Monday, January 24, 2011

Geoffrey Hill: Mercian Hymns

Among the snippets of information available on the internet on the Mercian Hymns, Geoffrey Hill’s celebrated cycle of poems, I thought the article “Archaeology of Words – Geoffrey Hill’s Mercian Hymns by Louise Kemeny” to be a worthwhile read.
It provides the reader with a framework of reference that illuminates some of the characteristics of Hill’s Mercian Hymns: the verset structure, the Anglo-Saxon historic strata and the fractured introspection from which a series of stark, mutinous, pulverized and highly musical musings emerge.

To the writer of this post, the Mercian Hymns are the essence of a setting of a modern day Shakespearean drama about to happen, shifted on deeply set, introspective co-ordinates and tottering on the verge of the absurd:

“Exile or pilgrim set me once more upon that ground: my rich and desolate childhood. Dreamy, smug-faced, sick on outings – I who was taken to be a king of some kind, a prodigy, a maimed one.” 

(Mercian Hymns, V)

The landscape of the thirty versets that make up the cycle of poem in keeping  with a ‘name to conjure with’ is that of the:

“Heathland, new-made watermeadow.
Charlock, marshmarigold.”  
  
(Mercian Hymns, XI)

A ghost inhabits the poem: the legendary king Offa, believed to have reigned over Mercia (region situated sounth of the Humber river in England) at the end of the VIIIth century.

The opening of the poem invokes Offa and provides us with clues into the themes of the poem: 

"King of the perennial holly-groves, the riven sandstone: overlord of theM5: architect of the historic rampart and ditch, the citadel at Tamworth, the summer hermitage in Holy Cross: guardian of the Welsh Bridge and the Iron Bridge: contractor to the desirable new estates: saltmaster: money-changer: commissioner for oaths: martyrologist: the friend of Charlemagne.
 
'I liked that,' said Offa, 'sing it again.'"
 
(Mercian Hymns, I)
 
These themes evolve, in symphonic spurts of meaning, images and aural harmony,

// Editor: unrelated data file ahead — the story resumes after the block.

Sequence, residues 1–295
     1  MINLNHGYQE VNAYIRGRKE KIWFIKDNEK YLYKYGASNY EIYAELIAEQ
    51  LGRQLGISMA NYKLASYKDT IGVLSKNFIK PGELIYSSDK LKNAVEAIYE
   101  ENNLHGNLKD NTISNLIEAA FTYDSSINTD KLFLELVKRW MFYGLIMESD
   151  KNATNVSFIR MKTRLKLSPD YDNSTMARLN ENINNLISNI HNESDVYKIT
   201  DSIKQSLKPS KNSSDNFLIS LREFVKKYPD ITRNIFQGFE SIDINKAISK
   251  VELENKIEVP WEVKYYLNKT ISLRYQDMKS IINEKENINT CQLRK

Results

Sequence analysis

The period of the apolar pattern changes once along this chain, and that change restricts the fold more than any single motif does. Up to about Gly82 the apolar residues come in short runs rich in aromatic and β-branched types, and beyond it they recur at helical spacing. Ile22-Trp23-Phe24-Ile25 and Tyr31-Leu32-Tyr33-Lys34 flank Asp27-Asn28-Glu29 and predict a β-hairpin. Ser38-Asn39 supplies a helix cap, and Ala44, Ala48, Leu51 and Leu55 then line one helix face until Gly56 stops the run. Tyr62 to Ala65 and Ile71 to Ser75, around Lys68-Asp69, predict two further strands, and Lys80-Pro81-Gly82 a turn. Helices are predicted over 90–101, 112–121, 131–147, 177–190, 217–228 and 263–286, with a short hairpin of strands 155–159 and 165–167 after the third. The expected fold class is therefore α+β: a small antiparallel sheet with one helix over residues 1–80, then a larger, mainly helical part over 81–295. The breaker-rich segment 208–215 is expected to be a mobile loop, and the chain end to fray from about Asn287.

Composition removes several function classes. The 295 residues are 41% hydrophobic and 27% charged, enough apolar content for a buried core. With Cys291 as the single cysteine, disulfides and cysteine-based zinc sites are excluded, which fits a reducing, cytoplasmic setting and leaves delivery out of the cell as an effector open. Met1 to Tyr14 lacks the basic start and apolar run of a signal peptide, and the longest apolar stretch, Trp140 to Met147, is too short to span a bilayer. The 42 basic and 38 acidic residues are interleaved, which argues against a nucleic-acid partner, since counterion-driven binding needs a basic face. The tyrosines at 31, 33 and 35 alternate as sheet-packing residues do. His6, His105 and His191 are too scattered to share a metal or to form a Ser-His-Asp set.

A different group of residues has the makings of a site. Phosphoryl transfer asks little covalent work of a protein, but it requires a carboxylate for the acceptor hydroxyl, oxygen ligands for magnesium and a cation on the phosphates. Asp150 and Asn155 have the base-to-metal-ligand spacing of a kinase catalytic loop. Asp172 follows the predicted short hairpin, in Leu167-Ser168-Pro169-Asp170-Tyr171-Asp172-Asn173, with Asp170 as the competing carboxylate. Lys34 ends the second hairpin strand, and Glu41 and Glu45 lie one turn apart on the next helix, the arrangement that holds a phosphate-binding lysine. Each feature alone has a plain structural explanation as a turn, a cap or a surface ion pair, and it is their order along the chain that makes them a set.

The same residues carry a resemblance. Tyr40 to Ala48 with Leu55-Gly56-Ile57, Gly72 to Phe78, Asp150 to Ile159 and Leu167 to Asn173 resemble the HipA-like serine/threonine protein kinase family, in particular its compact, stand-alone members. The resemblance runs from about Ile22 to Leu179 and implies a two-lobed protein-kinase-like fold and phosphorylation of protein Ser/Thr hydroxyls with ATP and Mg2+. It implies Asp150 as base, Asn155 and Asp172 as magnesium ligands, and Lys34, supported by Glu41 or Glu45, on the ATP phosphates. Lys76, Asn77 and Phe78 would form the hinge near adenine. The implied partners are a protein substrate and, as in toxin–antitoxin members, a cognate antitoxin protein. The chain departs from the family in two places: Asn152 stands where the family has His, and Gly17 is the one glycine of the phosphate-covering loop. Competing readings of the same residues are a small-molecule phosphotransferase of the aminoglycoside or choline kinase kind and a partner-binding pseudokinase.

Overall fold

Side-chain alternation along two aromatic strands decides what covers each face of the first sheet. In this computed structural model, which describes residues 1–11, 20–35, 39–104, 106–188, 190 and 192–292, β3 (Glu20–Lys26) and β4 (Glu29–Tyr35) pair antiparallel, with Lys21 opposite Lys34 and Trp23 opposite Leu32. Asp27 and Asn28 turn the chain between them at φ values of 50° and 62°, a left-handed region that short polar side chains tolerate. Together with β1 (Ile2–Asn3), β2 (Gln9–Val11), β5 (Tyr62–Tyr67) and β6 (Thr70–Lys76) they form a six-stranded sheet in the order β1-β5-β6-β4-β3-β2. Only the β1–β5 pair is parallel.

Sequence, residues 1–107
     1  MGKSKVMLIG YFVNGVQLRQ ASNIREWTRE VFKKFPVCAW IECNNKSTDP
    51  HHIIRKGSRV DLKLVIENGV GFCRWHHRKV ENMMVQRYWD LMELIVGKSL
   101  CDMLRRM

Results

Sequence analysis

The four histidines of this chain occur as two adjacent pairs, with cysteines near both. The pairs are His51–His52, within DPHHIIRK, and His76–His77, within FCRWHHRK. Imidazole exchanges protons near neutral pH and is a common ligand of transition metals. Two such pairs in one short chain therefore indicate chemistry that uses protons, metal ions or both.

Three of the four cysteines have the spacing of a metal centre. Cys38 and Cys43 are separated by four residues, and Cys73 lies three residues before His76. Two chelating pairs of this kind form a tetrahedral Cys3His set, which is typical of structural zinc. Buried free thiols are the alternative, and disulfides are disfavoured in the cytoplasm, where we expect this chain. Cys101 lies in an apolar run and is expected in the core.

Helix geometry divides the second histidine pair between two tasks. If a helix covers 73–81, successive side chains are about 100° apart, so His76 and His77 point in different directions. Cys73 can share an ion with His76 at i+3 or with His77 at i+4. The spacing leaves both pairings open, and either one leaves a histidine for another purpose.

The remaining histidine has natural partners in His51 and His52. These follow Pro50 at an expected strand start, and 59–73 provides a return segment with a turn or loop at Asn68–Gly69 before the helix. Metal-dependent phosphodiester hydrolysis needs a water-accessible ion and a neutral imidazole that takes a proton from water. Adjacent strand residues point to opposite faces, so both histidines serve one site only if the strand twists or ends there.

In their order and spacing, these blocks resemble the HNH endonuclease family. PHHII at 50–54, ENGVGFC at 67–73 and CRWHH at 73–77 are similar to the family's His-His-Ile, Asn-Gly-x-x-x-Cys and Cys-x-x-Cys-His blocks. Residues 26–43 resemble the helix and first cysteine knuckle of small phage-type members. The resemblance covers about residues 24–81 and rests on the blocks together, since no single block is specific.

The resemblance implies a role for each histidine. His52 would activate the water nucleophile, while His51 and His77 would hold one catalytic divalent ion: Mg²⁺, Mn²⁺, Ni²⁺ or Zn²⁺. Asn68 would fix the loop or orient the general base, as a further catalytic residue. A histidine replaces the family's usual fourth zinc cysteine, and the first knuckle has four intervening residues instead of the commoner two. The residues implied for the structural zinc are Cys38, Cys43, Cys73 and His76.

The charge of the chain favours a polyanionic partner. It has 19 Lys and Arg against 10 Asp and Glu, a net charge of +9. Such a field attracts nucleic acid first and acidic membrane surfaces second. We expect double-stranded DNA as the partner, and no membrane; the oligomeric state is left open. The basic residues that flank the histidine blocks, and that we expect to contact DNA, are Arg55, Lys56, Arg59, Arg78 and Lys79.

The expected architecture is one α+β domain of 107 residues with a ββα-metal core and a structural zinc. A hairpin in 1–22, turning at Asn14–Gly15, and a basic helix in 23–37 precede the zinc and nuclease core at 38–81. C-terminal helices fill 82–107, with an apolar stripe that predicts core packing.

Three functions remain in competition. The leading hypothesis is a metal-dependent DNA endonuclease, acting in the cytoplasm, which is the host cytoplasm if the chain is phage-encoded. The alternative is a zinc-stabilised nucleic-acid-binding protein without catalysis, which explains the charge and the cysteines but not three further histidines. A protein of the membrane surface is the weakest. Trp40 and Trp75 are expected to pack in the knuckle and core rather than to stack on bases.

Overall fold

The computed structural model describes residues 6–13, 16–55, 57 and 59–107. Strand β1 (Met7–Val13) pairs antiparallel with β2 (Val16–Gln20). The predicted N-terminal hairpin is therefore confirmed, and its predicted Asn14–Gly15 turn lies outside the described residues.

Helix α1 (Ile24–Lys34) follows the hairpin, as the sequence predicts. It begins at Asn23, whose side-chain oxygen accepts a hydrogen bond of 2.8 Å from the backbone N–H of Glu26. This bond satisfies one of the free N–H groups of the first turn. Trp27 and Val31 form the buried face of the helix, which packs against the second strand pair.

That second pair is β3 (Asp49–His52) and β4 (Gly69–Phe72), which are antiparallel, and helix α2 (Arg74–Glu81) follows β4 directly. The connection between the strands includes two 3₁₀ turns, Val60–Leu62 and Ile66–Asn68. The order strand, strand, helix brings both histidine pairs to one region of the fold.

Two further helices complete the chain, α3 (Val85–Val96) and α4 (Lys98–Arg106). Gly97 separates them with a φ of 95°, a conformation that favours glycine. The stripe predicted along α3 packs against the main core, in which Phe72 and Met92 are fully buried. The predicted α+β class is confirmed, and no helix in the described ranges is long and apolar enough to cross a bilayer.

concocting a haunting poetic space that we feel compelled to visit and re-visit – yet again. 
 
“Their spades grafted through variably-resistant soil.
They clove to the hoard. They ransacked epiphanies, vertebrae of the chimera, 
armour of wild bee’s larvae. They struck the fire-dragon’s faceted skin.”
 
(Mercian Hymns,XII).
 
 

3 comments:

Conrad DiDiodato said...

Irina,

thanks for reminding us that, amidst the clamor and noise of postmodern poetries, there's still this lovely classicism in verse.

Here's poetry in the same league as Saint-John Perse & C.Day Lewis.

Irina said...

Thank you Conrad.

The brooding, Shakespeare-like atmosphere of the Hymns is not something that can be easily forgotten.

The grueling marathon that you are running on two blogs has impressed me and humbled me at the same time.

Conrad DiDiodato said...

Irina,

not a marathon so much as a series of sprints:))I have to catch every citation that comes my way. And it's actually a lot of fun. I'm trying to show that even randomly selected bits from the blogs I read have to be shored up with some authorial intention & attention to basic grammatically (conventions that die-hard "assimilationist" poets wilfully ignore)

I've almost got 2 pages of my Introduction to my "Blog poetics" text, to be updated & posted soon. The thought that in time an entire book could be written this way intrigues me. I'll see how I feel about a Chapter One after my Introduction.

Then it'll turn into an ultra-marathon.

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